Thursday, June 16, 2005

Gitmo and the Geneva Conventions

Okay, the Bush administration now says tht the "Detainees" at Gitmo can be held in perpetuity. Many are decrying this decision, saying that it violates the Geneva Conventions.
Seems to me, from my ancient memories of the Law of War, they are specifically not protected by the Conventions. In order to get the protections, you had to be a member of an organized force, easily identifiable by uniforms and/or equipment. Violations of these rules could be punished by execution.
The whole reason that civilized countries abide by the rules of war, are so that their prisoners are treated humanely. Think about how the terrorists treat their prisoners - beheading, and contrast that with how we treat our prisoners - humiliation. To say that these are equivalent (See Sen. Durbin) is to make a mockery of the discussion.
After years of therapy and counselling, you can overcome wearing panties on your head. Try to overcome being beheaded.


Wulfgar said...

That is indeed ascrewed up way of comparison. What you are arguing is this: it's okay for the US to abuse because our enemies abuse worse. ???? How about this, instead, it is not okay for the US to abuse because it is a) against our founding principles and current laws and guidelines for civil rights, both with our own citizens and with nationals of other countries, b)not the actions that a morally superior (free) nation would take, and c) there has yet to be shown any ... ANY ... substantive gain from the use of abusive measures.

Further, the Geneva convention argument is indeed nullified now that we've come up with the handy designate of "enemy combattant". So please point your readers to the legal guidelines for the treatment of such. I'll wait.


You can find legal opinions concerning how we can handle their treatment, but no binding legal statute as to a) an assessment of their actually guilt or status (it would seem that you're an enemy combattant just because someone said so, and that's just okay) or b) no legal definition that clearly defines abuse from "interrogative technique". Those things should bother you. They should damn well bother any American, period. My country doesn't disappear people from their homes, and then submit them to cages and abuse, with no legal reason to do so. Does yours?

A moral person doesn't just want to be better than the terrorists. A moral person wants the best for our country, and the actions at Gitmo ain't it.

Steve said...

Wulfgar, always a pleasure to have you visit, especially since I have burned up so many pixels on your lovely site.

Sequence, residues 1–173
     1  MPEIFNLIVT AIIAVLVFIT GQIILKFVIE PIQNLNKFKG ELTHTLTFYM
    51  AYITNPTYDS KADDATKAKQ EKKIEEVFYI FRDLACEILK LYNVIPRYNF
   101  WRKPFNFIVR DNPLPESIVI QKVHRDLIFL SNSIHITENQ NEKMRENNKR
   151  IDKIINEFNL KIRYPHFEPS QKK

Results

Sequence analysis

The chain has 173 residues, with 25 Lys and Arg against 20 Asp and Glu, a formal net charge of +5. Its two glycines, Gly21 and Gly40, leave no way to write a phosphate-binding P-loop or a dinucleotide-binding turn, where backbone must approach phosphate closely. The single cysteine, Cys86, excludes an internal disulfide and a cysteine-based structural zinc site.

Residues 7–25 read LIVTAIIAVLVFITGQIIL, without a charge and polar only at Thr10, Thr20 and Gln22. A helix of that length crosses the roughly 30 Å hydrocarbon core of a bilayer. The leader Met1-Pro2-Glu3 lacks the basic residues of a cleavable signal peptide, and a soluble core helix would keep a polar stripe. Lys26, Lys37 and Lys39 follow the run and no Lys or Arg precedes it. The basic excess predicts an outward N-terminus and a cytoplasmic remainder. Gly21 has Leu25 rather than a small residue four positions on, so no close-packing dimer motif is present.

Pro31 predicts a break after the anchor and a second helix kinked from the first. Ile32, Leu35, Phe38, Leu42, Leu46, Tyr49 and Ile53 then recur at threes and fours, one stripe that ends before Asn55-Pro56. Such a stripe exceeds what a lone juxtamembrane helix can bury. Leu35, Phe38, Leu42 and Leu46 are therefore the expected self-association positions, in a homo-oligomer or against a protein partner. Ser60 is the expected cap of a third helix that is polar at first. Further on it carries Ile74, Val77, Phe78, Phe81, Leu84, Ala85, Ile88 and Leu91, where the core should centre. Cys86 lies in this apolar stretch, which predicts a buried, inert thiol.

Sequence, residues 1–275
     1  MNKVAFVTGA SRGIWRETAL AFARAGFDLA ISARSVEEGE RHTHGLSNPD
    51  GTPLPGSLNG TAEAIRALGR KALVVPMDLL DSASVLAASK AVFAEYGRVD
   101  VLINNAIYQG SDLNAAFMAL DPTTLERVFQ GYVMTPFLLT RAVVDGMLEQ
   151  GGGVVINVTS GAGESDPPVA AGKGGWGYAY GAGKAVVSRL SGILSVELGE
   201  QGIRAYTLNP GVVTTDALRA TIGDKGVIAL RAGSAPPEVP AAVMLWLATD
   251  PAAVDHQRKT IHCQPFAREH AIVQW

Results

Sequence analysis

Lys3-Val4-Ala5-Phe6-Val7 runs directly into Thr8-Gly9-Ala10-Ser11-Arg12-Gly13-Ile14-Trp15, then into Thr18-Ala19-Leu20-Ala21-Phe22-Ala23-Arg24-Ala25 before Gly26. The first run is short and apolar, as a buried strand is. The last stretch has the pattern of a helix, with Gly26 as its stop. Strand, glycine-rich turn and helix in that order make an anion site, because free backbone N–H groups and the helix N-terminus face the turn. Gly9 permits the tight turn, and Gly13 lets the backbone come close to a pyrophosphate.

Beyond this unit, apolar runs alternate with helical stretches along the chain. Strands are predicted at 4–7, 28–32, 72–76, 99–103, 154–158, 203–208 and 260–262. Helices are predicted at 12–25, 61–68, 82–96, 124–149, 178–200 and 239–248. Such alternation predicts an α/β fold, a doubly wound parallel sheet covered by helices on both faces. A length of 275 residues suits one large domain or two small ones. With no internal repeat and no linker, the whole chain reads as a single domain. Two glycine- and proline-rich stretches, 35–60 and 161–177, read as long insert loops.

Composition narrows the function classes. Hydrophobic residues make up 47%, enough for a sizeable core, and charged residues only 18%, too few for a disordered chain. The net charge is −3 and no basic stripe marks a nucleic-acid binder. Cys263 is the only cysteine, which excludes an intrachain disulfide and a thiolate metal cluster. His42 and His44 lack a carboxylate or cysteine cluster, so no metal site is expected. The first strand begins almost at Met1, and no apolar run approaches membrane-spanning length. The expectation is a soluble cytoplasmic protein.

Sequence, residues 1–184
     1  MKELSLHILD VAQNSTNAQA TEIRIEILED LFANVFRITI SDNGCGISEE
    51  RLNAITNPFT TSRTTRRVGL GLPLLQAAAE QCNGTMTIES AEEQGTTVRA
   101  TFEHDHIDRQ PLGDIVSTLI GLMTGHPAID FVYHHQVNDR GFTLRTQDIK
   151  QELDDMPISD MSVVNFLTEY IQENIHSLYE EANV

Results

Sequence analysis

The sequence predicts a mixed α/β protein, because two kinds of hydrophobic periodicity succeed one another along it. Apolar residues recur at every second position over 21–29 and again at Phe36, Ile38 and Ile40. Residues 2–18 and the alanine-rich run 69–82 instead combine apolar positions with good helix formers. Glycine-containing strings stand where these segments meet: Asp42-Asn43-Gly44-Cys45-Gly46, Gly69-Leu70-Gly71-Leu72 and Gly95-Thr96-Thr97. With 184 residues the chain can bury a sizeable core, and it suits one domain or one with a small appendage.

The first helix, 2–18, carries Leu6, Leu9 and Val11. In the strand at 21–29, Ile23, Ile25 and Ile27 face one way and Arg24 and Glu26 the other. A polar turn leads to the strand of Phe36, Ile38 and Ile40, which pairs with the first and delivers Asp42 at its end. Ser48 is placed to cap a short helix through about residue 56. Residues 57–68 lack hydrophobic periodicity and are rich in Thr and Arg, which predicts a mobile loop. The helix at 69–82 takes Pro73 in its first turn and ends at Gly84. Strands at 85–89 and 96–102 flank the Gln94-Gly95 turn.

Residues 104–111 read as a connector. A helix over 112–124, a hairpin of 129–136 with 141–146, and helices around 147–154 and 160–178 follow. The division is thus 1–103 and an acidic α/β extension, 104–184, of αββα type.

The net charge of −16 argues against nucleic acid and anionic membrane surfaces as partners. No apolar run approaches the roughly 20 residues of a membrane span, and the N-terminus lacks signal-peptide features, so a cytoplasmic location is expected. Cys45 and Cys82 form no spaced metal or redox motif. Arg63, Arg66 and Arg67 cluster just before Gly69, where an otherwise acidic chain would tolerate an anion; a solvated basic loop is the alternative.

Now to the answer: -
The Status Of Detained Al Qaeda And Taliban Fighters
Wednesday, Jan. 23, 2002

According to Defense Secretary Rumsfeld, the Taliban and al Qaeda fighters currently being held captive at the United States Naval Base at Guantanamo Bay, Cuba, are not prisoners of war, but "unlawful combatants." What's the difference?

The short answer is that a prisoner of war is entitled to the protections set forth in the 1949 Geneva Convention. In contrast, an unlawful combatant is a fighter who does not play by the accepted rules of war, and therefore does not qualify for the Convention's protections.

Buried within that short answer, however, are a host of complexities and troubling implications.

Are al Qaeda Fighters Prisoners of War?

First, what does it take to qualify as a prisoner of war? Article IV of the Geneva Convention states that members of irregular militias like al Qaeda qualify for prisoner-of-war status if their military organization satisfies four criteria.
[[Prisoners or unlawful combatants?]]

The criteria are: "(a) that of being commanded by a person responsible for his subordinates; (b) that of having a fixed distinctive sign recognizable at a distance; (c) that of carrying arms openly; [and] (d) that of conducting their operations in accordance with the laws and customs of war."

Al Qaeda does not satisfy these conditions. Perhaps Osama bin Laden could be considered "a person responsible for his subordinates," although the cell structure of al Qaeda belies the notion of a chain of command. But in any event, al Qaeda members openly flout the remaining three conditions.

Al Qaeda members deliberately attempt to blend into the civilian population - violating the requirement of having a "fixed distinctive sign" and "carrying arms openly." Moreover, they target civilians, which violates the "laws and customs of war."

Thus, al Qaeda members need not be treated as prisoners of war.

Okay, now to your specific complaints. A. Current laws do not apply to them, and they do not deserve civil rights. Their objective is terror, not the gaining of any military advantage. They seek only to demoralize us, not to actually prevail militarily. To offer protections to them, is to validate their actions.
B. True, not necessarily the actions of a moral nation, sometimes ruthlessness has its advantages. For instance, during the 70s, a Russian diplomat was kidnapped in the Middle East. The KGB came in and killed all of the kidnappers extended families. Ruthless? Absolutely, but they never had any more kidnappings after that. In the calculus of morality, which is better, acting morally, which causes more people to die, or to act ruthlessly, and stop further actions which necessitate such ruthlessness?
As to the gain of intelligence. The flaw in your logic is that absence of evidence is evidence of absence. We don't know what has been learned from these techniques that is useful, because we will never let out what we know.